Reviewed by Pjtaylor-96-138044 8 / 10 / 10

The slow, tentative tailing sequences are surprisingly riveting and the brash, balls-to-the-wall action sequences explode on screen with a ferocious verve.

'The French Connection' is at its best when its palpably gritty city street setting swallows its two hard-boiled, brutish but brilliantly brass-balled heroes and churns them out as almost nothing more than another piece of superb set-dressing, simply adding to the sensationally stained sense of time and place so very vital to the success of the punchy piece; its car-chase sequence is a real stand- out too, not only within the genre but also the whole medium, thanks to the devastatingly dangerous feel afforded simply because it was shot straight-up for real, every bump, scrape and oh-so-close call just seconds away from ending not only the careers of every member of the cast and crew but also Gene Hackman's and several city- slickers' very lives, and while this reckless abandon cannot be advised or even condoned, it certainly adds to the utter determination and desperation of one of the most no-holds-barred, brash and brutally honest action scenes of the seventies, but its actually this film's quieter moments that strike me the most, Roy Schneider slowly stalking someone from behind a broadsheet or tenuously tailing the last in a long line of fruitless endeavors, as they somehow manage to keep me riveted despite their lack of action and show an ironically interesting side of a slow-burning and sometimes boring job, a side seldom seen in cinema. 7/10

Reviewed by gab-14712 8 / 10 / 10

Gene Hackman's Show!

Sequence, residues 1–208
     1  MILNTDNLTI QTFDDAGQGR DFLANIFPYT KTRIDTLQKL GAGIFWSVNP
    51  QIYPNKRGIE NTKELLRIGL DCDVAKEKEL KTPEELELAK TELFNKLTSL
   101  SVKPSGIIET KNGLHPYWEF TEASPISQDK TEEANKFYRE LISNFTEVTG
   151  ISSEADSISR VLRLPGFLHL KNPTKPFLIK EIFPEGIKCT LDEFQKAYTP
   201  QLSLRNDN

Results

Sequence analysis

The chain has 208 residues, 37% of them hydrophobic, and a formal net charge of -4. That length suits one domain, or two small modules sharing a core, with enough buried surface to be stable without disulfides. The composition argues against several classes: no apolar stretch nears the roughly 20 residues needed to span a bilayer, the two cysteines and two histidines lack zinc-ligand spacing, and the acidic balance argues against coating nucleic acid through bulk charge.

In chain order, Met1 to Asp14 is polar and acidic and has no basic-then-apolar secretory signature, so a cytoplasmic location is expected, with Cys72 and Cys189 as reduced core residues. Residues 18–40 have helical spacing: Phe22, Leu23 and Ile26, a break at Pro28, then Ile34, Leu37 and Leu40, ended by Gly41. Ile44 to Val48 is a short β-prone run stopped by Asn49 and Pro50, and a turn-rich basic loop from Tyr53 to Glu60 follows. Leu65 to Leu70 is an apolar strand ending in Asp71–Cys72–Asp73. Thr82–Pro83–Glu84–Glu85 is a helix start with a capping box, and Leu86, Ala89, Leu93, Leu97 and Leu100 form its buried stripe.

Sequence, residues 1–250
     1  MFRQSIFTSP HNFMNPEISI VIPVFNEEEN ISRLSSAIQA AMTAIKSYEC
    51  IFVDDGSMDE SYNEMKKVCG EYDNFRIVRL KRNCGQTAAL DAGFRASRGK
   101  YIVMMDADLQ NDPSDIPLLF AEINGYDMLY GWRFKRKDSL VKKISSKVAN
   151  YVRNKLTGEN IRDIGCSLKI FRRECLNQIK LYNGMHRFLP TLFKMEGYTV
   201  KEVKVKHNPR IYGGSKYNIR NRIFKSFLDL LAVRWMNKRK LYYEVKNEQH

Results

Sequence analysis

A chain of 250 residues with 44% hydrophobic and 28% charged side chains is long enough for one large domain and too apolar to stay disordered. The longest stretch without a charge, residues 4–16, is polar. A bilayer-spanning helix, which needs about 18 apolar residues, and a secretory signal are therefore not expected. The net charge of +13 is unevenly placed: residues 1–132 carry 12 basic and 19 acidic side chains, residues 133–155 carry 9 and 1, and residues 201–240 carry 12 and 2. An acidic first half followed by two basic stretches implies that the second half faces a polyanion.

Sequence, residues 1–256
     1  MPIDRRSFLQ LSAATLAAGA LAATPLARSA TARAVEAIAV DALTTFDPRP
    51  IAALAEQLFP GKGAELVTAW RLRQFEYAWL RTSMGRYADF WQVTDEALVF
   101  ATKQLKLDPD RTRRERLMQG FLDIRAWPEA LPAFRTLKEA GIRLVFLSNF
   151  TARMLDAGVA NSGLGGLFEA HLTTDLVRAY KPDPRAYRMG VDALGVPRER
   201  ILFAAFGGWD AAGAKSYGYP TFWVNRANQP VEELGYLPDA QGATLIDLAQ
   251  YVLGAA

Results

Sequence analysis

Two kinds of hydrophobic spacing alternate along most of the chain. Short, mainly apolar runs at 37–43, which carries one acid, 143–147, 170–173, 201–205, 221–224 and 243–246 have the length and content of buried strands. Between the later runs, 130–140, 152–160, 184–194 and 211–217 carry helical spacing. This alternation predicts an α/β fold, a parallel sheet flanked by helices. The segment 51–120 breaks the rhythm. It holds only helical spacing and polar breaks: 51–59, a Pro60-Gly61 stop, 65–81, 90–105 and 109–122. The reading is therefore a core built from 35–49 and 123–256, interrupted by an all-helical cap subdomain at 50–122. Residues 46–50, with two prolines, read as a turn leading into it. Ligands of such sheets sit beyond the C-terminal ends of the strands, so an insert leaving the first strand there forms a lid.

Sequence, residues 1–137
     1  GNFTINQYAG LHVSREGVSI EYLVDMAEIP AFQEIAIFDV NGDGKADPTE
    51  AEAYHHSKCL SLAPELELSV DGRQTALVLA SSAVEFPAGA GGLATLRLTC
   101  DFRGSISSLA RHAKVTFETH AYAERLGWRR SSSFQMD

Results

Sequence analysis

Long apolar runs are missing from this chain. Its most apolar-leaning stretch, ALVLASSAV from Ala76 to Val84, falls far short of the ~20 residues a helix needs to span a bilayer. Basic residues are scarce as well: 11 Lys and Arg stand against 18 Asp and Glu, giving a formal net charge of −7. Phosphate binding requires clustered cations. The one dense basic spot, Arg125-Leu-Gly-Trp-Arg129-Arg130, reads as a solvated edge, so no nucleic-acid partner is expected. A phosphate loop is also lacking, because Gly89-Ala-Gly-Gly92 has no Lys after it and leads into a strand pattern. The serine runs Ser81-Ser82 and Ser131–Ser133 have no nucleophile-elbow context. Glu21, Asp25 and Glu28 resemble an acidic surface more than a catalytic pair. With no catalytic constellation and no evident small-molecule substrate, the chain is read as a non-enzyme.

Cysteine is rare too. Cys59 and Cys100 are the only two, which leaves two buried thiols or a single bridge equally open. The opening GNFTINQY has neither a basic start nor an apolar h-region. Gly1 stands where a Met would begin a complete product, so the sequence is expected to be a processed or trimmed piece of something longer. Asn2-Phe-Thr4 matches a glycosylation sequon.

I remember watching The French Connection for the first time several years ago. I knew people regarded it as an instant classic, so I was expecting to love it. But the power of subjectivity appeared, and it turned out I didn't like it all too much. In discussions with cinema lovers, I was lambasted because people see this as one of the all-time greats. I watched this for a second time recently, and how about that! My opinion changed. While not calling this film an all-time great, I do respect and like it very much. The film fits the definition of a 70's American film. It is dark, gritty, and features some heavy violence. Also, the film happens to be home of one of cinema's greatest car chases. Essentially, the movie is a giant chase but that particular car chase is something else. I'll discuss it more later on in this review. This Oscar-winning film takes us onto the streets of New York City following two detectives, Jimmy 'Popeye' Doyle (Gene Hackman) and his partner, Buddy Russo (Roy Scheider). Popeye is infamous for taking in street-level drug dealers, and at best his policework can be described as shady. He's violent drunk cop with low ethical standards, and his career is rapidly falling apart. But he seizes his biggest opportunity when he learns of a huge heroin shipment coming from France. Now we have an interesting contrast between Popeye and the heroin smuggler, Alain Charnier (Fernando Rey). I just mentioned Popeye has low moral standards, but he still is a dedicated cop. On the other hand, Charnier is a smooth gentleman that no one can predict he is a criminal. Now the standoff between the two men begins when Popeye does all he can to bring Charnier in. Now going back to that car chase! It was a wonderfully executed car chase and what I like is that it is all real. There was an actual chase filmed in Brooklyn exactly how you see it on screen. It's crazy too because the chase is about a simple car trying to outrun and outmaneuver a moving train which eventually has a dead conductor at the wheel. So then it turns into a psychologically-crazy man versus machine kind of chase. The chase also proves the recklessness of Popeye. He held no regard for the common people as he had close calls with them during the chase. He was basically using the people for his benefit….in an oddly positive way. Some of the camera techniques are very effective. They filmed in a way where the subjects are actually further away from the cars than shown on screen….which must have been a relief for some of the actors. But yes, this is one of the biggest car chases to have ever been filmed so this film is a must-see just for that. Speaking of actors, well yes let's talk about the acting. Director William Friedkin famously did not want Gene Hackman in the lead role. Hackman, by 1971 was already a bankable star, but Friedkin did not think so. Luckily, they decided to cast Hackman anyway and it's a good thing they did. Hackman is one of those actors who can do any genre and always gives his best effort. I loved his performance here and his character was perhaps the only three-dimensional character in the film because the film spends so much time on him. But I was won over by Hackman almost right away. The scene where he enters a bar and violently asks everyone to turn out their pockets in the search for drugs-well, I knew I would be in for a treat. I was happy to see his performance win Best Actor at the Academy Awards. Roy Scheider does a solid job as Popeye's partner, but I didn't feel the same way for him as I did for Popeye. There was nothing much to do for him except to act as a backup. Same goes for Fernando Rey. A very solid performance, but his character was also under-utilized. The French Connection is a violent, fast-paced film. I said in my opening the movie plays like one giant chase, but I liked the frenetic pacing of the movie. My favorite scene is no doubt that car chase, but I loved the smaller scenes especially the ones where Popeye is up to no good. I also loved the actual photography of the film. Sure, the movie is over forty years old but seeing the streets of my favorite city in the world always makes me happy as it brings back some fond memories. The film has a violent nature and it may take you by surprise, but this film is heralded by many as an instant classic. I may not think so, but I did enjoy it very much. My Grade: B+